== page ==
The included power supply has two six-pin directional connectors that plug into the back of the Apollo. This will achieve about 3 Th in hash rate. If you want to achieve the full 3.8 Th, then you need to get your own power supply that is rated for more than 300 watts. If you want to connect your Apollo to a dedicated monitor, mouse and keyboard, then connect those devices now. For a wired internet connection, plug in an Ethernet cable to connect to your local network. Then simply connect the included power cable to the other side of the power supply and plug it into an outlet and you are ready to power on the Apollo.
There are additional connection types on the Apollo to suit a range of configuration options. You can connect a monitor to the HDMI out port and a USB keyboard/mouse to the USB ports. There is also a high speed USB-3 and USB-C port for optional peripherals. If you don’t want to use an Ethernet cable, you can connect to your network with a modern dual band AC WiFi controller. Alternatively, there is a dedicated 1 Gigabit Ethernet port, which is how it was configured in this guide. You can also connect bluetooth devices, such as the Bluetooth Ledger hardware wallet, as Bluetooth 5.0 comes built in. The Apollo also has an audio in/out port.
Once the Apollo powers on, the light indicator on the front will flash red and blue for a few minutes while the device goes through its initial configurations automatically. After a few minutes, the light will steadily flash red and the cooling fan will then start spinning, this indicates that the Apollo is now hashing and ready to configure.
Using the included instruction card, you can now navigate to the support page to start the configuration.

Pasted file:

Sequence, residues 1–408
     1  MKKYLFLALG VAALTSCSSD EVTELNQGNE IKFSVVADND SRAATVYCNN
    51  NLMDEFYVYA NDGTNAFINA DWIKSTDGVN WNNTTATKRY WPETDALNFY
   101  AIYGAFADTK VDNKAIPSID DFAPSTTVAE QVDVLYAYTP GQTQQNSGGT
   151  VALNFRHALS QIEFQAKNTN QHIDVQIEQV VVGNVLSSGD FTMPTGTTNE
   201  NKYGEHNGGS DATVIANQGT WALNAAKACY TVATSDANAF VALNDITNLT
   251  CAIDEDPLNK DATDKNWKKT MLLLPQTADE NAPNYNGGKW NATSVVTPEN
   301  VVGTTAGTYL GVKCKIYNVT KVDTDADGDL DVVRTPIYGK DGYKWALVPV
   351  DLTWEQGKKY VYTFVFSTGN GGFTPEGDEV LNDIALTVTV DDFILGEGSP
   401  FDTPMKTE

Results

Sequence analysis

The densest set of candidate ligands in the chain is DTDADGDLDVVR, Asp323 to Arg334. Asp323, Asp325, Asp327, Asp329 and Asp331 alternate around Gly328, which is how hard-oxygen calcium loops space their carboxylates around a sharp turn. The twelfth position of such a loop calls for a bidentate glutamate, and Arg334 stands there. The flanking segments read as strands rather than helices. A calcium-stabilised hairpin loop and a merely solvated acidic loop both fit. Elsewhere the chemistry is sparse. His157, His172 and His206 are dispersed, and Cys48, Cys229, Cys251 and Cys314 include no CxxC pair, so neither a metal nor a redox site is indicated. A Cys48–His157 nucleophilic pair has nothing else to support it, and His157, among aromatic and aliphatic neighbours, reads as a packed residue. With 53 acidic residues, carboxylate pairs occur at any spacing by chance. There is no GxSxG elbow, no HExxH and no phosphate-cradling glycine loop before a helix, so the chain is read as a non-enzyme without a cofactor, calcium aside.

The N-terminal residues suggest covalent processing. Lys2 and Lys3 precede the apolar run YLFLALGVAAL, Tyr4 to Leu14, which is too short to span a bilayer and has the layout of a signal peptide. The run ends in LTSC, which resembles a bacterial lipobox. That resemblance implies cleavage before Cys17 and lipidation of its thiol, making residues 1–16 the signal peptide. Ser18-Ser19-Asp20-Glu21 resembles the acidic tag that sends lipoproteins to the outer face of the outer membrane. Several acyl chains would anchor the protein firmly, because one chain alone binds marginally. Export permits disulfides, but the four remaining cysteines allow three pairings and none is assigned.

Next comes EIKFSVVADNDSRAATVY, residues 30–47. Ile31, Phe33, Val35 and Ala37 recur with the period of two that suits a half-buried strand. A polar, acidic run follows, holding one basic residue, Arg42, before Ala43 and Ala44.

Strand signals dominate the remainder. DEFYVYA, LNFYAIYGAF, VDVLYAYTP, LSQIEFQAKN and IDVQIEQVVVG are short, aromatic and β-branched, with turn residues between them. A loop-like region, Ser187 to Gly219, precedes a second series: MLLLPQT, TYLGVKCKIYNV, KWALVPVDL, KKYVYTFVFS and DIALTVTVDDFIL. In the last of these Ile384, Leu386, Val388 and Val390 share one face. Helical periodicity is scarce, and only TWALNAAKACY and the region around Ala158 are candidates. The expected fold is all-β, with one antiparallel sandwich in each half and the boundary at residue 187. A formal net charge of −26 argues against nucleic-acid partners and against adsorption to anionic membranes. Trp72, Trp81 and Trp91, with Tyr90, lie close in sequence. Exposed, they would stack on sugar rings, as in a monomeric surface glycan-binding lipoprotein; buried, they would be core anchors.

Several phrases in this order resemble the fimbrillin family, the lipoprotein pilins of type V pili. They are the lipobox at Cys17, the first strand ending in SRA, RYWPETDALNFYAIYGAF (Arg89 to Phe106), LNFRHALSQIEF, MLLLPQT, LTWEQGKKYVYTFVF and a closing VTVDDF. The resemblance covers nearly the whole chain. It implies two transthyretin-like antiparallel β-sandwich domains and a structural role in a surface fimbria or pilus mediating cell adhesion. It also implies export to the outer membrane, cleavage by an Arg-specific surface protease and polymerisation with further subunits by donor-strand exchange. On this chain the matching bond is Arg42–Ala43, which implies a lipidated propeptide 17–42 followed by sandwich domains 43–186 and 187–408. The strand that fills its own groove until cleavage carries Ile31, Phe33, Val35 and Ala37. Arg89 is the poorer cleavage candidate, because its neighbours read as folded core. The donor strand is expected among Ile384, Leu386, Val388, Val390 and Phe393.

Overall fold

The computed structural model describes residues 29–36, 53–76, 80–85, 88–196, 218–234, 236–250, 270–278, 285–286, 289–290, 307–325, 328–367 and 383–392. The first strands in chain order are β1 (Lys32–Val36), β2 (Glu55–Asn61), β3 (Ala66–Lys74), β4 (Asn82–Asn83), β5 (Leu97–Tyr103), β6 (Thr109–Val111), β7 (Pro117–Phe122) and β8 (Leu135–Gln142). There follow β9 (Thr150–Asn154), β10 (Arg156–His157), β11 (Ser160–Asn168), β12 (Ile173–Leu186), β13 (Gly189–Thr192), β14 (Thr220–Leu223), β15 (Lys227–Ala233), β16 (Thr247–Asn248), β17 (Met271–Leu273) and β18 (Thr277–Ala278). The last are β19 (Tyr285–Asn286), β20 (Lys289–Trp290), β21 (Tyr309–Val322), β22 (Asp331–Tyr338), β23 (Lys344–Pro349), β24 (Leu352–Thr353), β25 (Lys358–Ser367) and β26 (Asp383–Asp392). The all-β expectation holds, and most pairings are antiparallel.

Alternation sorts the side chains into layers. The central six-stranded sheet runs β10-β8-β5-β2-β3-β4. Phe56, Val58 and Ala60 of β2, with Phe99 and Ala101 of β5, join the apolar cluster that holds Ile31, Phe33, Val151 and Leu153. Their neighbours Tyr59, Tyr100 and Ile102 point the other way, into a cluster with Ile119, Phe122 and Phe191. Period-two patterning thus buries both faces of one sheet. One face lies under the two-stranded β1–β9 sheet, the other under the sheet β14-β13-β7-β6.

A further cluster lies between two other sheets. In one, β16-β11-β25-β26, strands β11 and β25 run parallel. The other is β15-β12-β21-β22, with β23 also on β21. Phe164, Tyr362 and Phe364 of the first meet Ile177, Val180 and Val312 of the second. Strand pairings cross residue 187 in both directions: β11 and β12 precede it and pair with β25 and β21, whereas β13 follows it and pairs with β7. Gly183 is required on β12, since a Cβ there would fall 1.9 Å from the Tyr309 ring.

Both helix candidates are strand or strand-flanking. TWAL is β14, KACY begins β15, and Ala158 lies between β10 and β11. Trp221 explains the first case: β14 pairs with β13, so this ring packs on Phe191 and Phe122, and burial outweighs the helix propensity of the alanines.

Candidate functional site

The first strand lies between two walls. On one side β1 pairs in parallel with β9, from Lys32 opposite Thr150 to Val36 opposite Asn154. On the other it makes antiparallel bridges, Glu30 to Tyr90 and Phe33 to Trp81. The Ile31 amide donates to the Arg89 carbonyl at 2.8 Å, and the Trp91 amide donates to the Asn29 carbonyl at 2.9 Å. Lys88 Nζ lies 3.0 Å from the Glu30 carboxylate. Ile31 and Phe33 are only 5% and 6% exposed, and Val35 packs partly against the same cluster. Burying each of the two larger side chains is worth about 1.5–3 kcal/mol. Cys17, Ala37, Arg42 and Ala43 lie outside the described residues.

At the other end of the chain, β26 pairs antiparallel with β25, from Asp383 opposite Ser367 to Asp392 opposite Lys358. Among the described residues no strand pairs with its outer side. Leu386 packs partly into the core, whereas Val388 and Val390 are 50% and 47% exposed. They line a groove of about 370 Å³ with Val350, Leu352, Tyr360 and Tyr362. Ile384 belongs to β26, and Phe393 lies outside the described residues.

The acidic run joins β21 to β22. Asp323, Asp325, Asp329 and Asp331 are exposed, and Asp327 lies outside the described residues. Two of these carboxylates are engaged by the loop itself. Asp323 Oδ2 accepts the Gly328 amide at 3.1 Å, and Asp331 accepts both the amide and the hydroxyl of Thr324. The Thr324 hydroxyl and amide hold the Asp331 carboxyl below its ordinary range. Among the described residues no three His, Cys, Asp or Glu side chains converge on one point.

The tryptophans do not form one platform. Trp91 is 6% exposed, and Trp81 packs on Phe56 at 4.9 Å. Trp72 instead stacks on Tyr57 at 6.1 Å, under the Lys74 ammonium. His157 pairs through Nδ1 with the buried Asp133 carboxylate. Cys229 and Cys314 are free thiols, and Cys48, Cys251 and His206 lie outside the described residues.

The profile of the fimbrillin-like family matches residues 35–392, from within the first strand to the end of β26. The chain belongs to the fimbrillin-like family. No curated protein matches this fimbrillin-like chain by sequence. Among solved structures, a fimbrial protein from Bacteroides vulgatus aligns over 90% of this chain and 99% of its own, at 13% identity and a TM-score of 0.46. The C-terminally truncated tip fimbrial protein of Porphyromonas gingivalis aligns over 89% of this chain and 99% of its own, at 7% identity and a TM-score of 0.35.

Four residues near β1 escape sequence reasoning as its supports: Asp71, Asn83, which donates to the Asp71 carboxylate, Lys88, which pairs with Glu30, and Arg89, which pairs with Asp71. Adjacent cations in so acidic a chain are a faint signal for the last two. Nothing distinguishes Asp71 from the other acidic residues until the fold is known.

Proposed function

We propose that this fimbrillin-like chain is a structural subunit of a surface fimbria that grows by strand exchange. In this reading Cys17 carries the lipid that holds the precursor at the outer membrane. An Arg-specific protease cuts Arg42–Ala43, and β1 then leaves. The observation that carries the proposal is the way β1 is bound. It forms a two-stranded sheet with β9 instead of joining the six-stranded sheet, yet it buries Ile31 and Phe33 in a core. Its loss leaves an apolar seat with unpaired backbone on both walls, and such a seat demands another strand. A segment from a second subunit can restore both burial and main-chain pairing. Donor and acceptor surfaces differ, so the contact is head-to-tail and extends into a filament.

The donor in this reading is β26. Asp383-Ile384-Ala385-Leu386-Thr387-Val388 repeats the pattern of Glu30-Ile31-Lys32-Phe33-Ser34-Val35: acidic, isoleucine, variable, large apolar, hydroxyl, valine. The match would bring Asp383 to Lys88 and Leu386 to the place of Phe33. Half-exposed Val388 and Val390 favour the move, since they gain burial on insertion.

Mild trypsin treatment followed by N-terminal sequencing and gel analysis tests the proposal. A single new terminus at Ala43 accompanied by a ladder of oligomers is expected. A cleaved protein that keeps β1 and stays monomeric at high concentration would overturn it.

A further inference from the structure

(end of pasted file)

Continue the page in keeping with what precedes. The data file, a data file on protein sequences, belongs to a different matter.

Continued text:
Connecting To A Bitcoin Mining Pool
This section will show you how to connect to a Bitcoin mining pool. After the Apollo completed the automatic initial configuration, it started hashing. This is indicated by the steady flashing red light on the front of the device and the cooling fan running. More detailed instructions can be found on the FutureBit support page.
If you connected a monitor, keyboard and mouse to the Apollo then you should be greeted with a login screen after all the system level configurations are complete. The password should be “futurebit123.” The Apollo Operating System (OS) is built on a Linux distribution called “Armbian.” You can complete the following steps in this section on the Apollo desktop environment if you want or you can also do this remotely from another computer on the same local network. However, the next section will cover connecting the Apollo to a desktop wallet on a remote computer and that will not be done on the Apollo’s desktop environment.
Otherwise, if you are running the Apollo remotely, then you need to find the local IP address on your network. The easiest way to do this is by logging into your router and checking the list of devices under the DHCP leases section.
Your router should have a sticker with the local IP address needed to login along with the password. If not, the directions are usually pretty easy to find with an online search for your manufacturer’s router. Typically, you can just type “192.168.0.1” or “192.168.1.1” or “10.0.0.1” into your web browser and that will bring you to your router login page. From there the username/password can vary depending on manufacturer but they are usually something like “admin/admin” or “admin/1234” or “admin/password.” Alternatively, programs like AngryIP may be used to scan your network for all active IP addresses. You should be able to find the IP address for your Apollo next to the device named “futurebit-btc” in your DHCP leases list.